Categories
printing

Printing to a Fuji Xerox printer using Catalina

Most new printers have PostScript built-in although if you are trying to print to an older printer or you are in a workplace with lots of PCs they may not have built-in postscript. If this is the case the default drivers in OSX will not work.

Here’s how I got my a non Postscript Fuji Xerox printer working with my 2020 MacBook Pro running Catalina.

  1. Give the printer an IP address. (e.g. 10.0.0.200)
  2. Download the latest drivers manually from Fuji Xerox. (https://onlinesupport.fujixerox.com/processDriverForm.do?ctry_code=SG&lang_code=en&d_lang=en&corp_pid=DCVC2263&rts=null&model=DocuCentre-V+C2263&type_id=2&oslist=Mac+OS+X+10.15&lang_list=en)
  3. In System Preferences: Printers go to Add new printer, select IP then put in the options as follows:

I needed to select LPD because IPP didn’t work.

I needed to select FX Print Driver for Mac OSX. The default DocuCentre drivers (Called FX DocuCentre-II C4300 v3016.103 PS) did not work. The specific drivers for a printer rely on the printer having Postscript, whereas the FX generic print driver does not need the printer to have Postscript installed.

Categories
software

My essential Mac apps

I’ve just purchased a new 2020 13inch MacBook Pro and rather than use migration assistant to copy everything across I’ve started fresh. I have installed my apps one by one. So here’s a list of the first few ‘must have’ apps that I just installed…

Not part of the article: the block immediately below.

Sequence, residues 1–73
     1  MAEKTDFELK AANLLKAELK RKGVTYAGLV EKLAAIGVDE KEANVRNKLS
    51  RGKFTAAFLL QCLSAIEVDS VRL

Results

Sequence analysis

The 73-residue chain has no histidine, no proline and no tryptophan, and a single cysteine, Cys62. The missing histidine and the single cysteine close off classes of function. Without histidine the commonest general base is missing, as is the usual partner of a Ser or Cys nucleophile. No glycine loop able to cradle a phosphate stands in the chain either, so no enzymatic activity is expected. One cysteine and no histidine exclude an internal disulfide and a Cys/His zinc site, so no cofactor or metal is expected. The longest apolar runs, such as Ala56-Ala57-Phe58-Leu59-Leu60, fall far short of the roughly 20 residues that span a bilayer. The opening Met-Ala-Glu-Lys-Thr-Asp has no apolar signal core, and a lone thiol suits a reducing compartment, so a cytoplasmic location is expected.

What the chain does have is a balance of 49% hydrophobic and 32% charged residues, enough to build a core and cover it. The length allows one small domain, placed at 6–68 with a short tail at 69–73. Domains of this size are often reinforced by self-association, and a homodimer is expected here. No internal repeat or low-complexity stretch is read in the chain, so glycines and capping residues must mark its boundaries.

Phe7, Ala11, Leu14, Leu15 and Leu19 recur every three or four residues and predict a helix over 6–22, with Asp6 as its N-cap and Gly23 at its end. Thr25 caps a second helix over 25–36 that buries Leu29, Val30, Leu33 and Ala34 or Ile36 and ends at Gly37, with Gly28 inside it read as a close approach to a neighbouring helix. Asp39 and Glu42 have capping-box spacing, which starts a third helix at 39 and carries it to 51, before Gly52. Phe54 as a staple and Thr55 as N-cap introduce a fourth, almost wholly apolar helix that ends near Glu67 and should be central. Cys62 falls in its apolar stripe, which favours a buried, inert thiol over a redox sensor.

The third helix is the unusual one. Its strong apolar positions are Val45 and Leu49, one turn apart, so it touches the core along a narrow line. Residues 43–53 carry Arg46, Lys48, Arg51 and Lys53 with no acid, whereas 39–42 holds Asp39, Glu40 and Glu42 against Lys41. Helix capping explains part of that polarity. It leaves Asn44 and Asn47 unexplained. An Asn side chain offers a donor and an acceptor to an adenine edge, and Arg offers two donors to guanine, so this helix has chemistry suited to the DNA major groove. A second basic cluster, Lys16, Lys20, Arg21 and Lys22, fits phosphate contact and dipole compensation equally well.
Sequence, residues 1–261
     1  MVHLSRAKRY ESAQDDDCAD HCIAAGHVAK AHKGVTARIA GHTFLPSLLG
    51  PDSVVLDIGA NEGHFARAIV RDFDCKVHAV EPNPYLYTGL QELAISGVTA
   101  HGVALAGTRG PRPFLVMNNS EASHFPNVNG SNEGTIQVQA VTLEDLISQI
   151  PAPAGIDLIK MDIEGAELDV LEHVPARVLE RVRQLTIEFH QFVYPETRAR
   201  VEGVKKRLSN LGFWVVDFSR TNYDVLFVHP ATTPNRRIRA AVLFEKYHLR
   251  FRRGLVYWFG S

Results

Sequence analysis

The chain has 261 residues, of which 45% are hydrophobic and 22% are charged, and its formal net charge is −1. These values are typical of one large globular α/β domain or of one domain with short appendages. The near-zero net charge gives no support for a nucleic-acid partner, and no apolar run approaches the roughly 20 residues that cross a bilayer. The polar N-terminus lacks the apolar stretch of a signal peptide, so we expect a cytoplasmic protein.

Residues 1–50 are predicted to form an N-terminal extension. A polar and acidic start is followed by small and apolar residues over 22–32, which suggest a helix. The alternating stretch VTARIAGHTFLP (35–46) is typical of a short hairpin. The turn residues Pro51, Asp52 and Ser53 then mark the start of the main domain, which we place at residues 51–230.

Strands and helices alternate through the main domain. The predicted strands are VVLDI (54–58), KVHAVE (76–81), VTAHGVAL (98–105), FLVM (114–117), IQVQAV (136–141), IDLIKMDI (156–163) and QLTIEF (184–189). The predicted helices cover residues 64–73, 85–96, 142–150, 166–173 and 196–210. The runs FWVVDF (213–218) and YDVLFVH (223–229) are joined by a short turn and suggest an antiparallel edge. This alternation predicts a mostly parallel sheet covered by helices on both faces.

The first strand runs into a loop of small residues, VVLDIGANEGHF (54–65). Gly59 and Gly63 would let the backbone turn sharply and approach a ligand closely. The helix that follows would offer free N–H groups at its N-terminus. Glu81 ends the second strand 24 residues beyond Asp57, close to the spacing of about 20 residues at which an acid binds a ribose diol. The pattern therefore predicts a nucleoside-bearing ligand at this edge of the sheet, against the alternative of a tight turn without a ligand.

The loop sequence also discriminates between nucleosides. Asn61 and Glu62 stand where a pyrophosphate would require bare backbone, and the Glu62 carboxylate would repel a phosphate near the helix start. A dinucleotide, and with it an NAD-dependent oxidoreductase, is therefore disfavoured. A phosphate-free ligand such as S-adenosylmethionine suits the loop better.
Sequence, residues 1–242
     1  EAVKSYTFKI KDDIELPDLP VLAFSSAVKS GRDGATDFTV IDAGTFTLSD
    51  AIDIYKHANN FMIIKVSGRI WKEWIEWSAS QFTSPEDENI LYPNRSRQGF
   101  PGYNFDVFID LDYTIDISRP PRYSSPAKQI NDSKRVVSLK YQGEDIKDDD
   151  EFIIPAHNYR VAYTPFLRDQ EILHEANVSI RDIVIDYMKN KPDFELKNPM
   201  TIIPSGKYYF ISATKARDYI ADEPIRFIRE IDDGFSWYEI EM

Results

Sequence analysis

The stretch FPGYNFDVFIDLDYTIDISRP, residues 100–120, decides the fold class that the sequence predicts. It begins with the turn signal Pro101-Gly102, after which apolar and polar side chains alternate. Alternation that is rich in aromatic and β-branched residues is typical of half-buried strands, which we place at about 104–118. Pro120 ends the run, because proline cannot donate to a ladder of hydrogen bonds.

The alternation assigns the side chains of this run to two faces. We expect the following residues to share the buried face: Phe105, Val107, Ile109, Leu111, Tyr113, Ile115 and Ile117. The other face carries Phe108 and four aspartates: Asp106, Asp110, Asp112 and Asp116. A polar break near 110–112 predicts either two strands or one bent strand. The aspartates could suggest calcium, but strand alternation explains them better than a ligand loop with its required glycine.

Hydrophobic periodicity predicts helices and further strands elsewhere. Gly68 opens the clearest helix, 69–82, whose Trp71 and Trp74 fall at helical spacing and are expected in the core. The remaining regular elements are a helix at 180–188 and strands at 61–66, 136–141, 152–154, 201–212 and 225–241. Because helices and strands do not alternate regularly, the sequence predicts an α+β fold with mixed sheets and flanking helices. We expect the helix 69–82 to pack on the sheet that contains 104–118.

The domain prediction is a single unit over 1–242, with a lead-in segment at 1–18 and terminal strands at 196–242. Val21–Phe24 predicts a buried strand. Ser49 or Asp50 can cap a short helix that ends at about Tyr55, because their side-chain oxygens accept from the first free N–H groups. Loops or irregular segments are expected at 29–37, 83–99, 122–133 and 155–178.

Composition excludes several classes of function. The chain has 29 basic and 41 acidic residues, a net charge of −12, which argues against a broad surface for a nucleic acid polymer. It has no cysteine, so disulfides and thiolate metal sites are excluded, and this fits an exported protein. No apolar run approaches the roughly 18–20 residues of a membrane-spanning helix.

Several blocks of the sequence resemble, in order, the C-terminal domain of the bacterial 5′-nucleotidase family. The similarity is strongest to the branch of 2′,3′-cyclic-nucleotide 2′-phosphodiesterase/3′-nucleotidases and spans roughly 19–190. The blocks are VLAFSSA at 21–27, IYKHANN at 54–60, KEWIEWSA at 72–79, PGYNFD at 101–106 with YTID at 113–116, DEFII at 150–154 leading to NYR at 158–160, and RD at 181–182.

1Password.

I can’t live without it. It’s the first thing I installed as it contains all the passwords and serial numbers to my other apps and email logins etc. It’s one of the one monthly subscription apps that I’m willing to pay for.
A great password manager

Dropbox.

I use dropbox to sync my working documents across all my computers. The free tier allows you to sync limited data across 3 computers but if you’re only syncing a few folders you can get away with it.
dropbox

Jumpcut.

Can’t live without it. Allows you to go back through your copy/paste history and find an item you pasted earlier in the day – like a browser history for the clipboard. For example writing this article I just went and gabbed the link to Jumpcut using Jumpcut, from when I installed it earlier today.
Jumpcut – multiple copy and paste

Dragon.

It’s quite unique but I prefer to dictate rather than type, for example I’m dictating this article right now. You can no longer buy Dragon for the Mac but it still works fine in Catalina and thankfully it’s a 64-bit app so should still work for a few more years. If you buy a second hand copy make sure that the serial number has been deregistered on the sellers computer otherwise you won’t be able to use it.